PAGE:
Sarandosil wrote:
That's taking it a bit too literally. I think the point is that you need a diamond of a certain quality for the spell, and diamonds of that quality usually sell for 5000 gp. If you're going to quibble that "overpaying" for a diamond fits the definition of a market price then you might as well toss out all the prices in the game; a single unchanging price (for any given item) everywhere you go is an obvious concession to simplicity and it's the first thing you'd have to toss out if you want to inject even the slightest bit of realism into the game's economics.

Nope. The devs made it clear that the deities involved just want the PC’s to make the sacrifice, and they set that value @ 5000 gps. If in your region that’s a small flawed poor color rock, and if in another region it’s a fist sized perfect bleu-white, then that’s all good.


My elderly paladin who can raise dead for free (Ultimate Mercy feat) is becoming more and more viable...

Liberty's Edge

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Sean K Reynolds wrote:
My thoughts on it are: don't have the gp cost, don't have the negative level be permanent. It sucks to die, it sucks that one of the PCs has to use a high-level spell to fix the problem. We grew up playing video games where you die, hit Continue, and keep playing. These costs are among the last "DM vs. players" mentality of the old style of gaming, and I don't play that way.

I can see this being true in some games and for some groups, but I also feel like if you have done a good job collectively of creating characters everyone at the table cares about, it isn't really a cost-benefit analysis type calculation about bringing the player back.

You do it because they were part of the party, and that is what you do.

I kind of feel like something is lost in the video game mentality where you just hit the reset without penality. There is something less heroic about the ultimate sacrifice for the good of your friends when...well...it isn't a sacrifice at all.

I think the GM vs Player mentality comes from lack of GM trust and excessive individual player entitlement.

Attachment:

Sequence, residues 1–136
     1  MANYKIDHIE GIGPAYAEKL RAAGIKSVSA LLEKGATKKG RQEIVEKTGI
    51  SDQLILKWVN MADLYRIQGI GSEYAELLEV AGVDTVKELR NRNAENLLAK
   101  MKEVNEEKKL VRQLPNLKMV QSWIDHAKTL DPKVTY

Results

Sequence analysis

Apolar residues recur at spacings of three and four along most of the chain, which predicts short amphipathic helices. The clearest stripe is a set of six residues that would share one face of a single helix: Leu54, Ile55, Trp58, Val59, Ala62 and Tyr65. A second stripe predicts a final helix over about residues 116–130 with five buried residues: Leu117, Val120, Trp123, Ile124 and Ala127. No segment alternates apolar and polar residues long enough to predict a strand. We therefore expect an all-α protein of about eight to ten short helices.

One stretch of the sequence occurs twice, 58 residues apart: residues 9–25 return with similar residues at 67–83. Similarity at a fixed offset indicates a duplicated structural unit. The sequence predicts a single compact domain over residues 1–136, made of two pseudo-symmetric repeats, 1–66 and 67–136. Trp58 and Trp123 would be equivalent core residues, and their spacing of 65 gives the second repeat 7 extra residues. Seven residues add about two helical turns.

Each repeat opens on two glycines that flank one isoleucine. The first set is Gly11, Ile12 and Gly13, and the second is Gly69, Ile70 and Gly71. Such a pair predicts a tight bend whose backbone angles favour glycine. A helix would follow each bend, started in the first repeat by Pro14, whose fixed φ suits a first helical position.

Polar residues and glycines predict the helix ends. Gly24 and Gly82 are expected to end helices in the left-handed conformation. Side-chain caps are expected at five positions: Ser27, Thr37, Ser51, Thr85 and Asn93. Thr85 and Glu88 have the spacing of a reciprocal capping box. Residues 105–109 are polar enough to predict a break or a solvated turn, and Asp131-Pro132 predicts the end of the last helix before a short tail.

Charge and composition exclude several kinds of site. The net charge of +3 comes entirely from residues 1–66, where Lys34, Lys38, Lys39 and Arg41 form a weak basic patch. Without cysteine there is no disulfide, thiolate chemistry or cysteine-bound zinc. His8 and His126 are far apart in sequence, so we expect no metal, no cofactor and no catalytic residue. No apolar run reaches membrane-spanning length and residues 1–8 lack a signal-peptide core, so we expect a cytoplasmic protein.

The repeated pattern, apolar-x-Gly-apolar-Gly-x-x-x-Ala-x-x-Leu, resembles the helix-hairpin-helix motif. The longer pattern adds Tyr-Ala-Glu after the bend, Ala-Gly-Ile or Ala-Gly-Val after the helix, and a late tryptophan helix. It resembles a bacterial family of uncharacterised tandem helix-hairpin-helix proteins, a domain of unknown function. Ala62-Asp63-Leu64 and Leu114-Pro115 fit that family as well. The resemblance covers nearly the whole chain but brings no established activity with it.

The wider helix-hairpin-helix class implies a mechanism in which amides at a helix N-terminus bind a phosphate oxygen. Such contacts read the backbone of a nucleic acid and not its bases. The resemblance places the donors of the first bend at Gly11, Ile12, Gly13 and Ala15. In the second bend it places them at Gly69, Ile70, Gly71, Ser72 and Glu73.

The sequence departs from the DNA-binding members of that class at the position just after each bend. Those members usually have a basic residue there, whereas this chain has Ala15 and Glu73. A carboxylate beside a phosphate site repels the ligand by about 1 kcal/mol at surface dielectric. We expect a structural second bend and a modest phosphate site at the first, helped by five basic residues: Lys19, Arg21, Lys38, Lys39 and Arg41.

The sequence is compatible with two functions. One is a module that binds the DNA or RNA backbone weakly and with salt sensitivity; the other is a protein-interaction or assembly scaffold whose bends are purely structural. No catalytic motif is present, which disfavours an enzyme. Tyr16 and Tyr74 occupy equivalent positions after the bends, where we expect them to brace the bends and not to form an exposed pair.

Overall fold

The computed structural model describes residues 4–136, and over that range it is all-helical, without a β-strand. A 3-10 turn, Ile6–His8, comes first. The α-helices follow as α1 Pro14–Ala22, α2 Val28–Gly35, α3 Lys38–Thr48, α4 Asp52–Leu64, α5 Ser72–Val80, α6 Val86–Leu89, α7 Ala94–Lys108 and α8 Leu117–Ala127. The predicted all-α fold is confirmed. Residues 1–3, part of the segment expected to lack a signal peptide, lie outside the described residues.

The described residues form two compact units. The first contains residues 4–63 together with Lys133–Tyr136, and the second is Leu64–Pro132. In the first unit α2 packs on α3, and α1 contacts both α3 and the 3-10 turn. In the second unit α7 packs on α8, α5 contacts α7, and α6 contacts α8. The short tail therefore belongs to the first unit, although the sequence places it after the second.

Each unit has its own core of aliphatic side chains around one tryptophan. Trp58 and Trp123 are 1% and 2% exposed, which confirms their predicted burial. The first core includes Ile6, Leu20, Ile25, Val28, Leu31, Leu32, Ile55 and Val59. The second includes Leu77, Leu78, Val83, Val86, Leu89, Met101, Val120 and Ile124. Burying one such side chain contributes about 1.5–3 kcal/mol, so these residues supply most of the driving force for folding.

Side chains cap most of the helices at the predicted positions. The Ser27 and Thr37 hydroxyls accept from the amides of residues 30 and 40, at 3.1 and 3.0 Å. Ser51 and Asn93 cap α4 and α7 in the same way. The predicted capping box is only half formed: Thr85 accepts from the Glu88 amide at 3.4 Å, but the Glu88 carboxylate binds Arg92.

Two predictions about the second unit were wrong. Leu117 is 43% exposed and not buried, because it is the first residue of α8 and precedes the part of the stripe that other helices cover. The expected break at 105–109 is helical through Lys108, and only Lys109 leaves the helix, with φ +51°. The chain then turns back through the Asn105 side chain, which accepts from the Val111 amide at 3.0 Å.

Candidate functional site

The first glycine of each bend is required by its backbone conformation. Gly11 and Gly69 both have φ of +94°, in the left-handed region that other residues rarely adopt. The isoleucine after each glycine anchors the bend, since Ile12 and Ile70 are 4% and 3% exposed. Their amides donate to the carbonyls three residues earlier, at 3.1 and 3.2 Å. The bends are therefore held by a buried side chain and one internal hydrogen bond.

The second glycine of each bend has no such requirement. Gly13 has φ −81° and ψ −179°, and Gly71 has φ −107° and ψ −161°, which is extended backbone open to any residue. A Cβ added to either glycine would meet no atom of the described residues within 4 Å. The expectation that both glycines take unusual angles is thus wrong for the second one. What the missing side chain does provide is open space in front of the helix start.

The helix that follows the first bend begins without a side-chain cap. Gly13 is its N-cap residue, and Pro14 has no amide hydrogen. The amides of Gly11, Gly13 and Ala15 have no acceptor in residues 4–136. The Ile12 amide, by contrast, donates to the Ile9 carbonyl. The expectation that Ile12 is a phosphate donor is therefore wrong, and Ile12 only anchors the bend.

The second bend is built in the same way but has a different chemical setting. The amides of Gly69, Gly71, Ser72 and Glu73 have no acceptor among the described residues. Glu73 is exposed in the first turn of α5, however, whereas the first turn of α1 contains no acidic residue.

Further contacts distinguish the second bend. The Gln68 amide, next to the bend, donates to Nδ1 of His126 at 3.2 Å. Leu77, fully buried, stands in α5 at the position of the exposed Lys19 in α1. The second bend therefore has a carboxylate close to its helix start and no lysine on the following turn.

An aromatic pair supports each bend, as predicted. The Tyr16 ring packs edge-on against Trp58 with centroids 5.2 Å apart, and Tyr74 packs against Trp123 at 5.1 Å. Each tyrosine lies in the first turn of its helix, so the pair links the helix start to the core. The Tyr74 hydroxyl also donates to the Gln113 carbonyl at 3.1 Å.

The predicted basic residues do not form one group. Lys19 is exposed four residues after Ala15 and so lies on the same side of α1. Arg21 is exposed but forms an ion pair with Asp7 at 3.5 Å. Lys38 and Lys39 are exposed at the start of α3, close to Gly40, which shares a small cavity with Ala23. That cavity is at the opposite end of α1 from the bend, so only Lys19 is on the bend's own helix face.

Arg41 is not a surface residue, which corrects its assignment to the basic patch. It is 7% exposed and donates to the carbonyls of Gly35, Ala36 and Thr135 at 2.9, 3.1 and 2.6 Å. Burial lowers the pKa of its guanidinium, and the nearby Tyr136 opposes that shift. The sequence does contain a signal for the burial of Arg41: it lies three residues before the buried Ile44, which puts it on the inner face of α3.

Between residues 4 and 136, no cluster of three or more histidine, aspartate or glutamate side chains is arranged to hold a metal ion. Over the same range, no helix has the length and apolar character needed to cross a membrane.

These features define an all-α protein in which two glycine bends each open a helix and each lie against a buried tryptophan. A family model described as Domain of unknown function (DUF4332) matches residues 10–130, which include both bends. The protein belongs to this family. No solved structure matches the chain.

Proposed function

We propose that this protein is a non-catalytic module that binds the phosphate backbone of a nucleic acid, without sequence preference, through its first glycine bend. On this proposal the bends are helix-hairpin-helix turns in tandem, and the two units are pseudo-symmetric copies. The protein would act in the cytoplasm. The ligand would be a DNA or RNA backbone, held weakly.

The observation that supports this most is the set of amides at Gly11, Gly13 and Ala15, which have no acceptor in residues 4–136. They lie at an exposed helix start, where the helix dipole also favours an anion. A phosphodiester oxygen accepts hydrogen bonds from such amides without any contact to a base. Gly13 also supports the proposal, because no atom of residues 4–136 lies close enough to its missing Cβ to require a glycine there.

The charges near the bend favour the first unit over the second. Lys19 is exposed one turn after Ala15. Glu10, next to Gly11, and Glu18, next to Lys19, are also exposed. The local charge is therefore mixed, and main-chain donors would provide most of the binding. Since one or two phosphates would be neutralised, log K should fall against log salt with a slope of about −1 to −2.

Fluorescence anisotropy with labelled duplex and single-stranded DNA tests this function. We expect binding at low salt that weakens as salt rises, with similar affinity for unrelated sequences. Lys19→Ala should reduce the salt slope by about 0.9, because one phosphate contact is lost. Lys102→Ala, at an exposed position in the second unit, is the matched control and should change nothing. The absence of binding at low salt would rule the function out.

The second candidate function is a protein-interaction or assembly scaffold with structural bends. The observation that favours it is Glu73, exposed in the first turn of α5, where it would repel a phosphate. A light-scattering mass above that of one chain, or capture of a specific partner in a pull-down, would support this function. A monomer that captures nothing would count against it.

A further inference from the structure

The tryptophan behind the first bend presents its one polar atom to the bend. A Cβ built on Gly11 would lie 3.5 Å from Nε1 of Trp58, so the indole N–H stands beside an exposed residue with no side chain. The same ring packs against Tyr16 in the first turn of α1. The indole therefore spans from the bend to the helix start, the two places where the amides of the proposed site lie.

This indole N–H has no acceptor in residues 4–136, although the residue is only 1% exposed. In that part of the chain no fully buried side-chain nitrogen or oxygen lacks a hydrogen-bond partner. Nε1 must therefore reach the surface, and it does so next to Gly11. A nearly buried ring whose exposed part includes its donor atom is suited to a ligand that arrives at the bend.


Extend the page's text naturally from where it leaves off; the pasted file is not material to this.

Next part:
If everyone trusts the GM to be fair and always try to put the players into positions where they have regular opportunities to be "Big Damn Heroes", that part works out fine.

If the players aren't trying to beat the GM or the other players at the table, that part works out fine.

But when death is a speedbump rather than...well...death...it kind of cheapens the fear players (and good GMs) have of the dice.

Heroic deaths are some of the most memorable moments in the games I've played in. If there isn't any penalty...well then it does feel more like a video game and...well...I don't have a lot of awesome memories of the heroic deaths I've had in video games.

We don't have the GM vs Player mentality at our table. We have to turn people away regularly. We all believe in our GMs (and for those of who play the APs, the writers). We believe they aren't out to get us, that they are out to create a fun, but challenging experience that will make us all love our characters, and our party, and allow everyone to be valued to the point that no one would even consider the gamist concept of not bringing them back and selling their loot, as if the PC were some random NPC.

It is that mindset that to me is the bigger problem. If you and your party have no emotional attachment to the character you built, why aren't you just playing a video game?


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It makes no sense to me that people would charge the purity value of the stone when they know what they could be used for. Also, few governments would allow these stones to be available on the open market, maybe Magnimar or Andoran, but any government that attempts to establish any form of control over its citizens would horde the gems. Especially any government that uses the death penalty ("that's the third time this month we've executed that guy!").

Because of this, I think it'd be interesting to add the following to a campaign: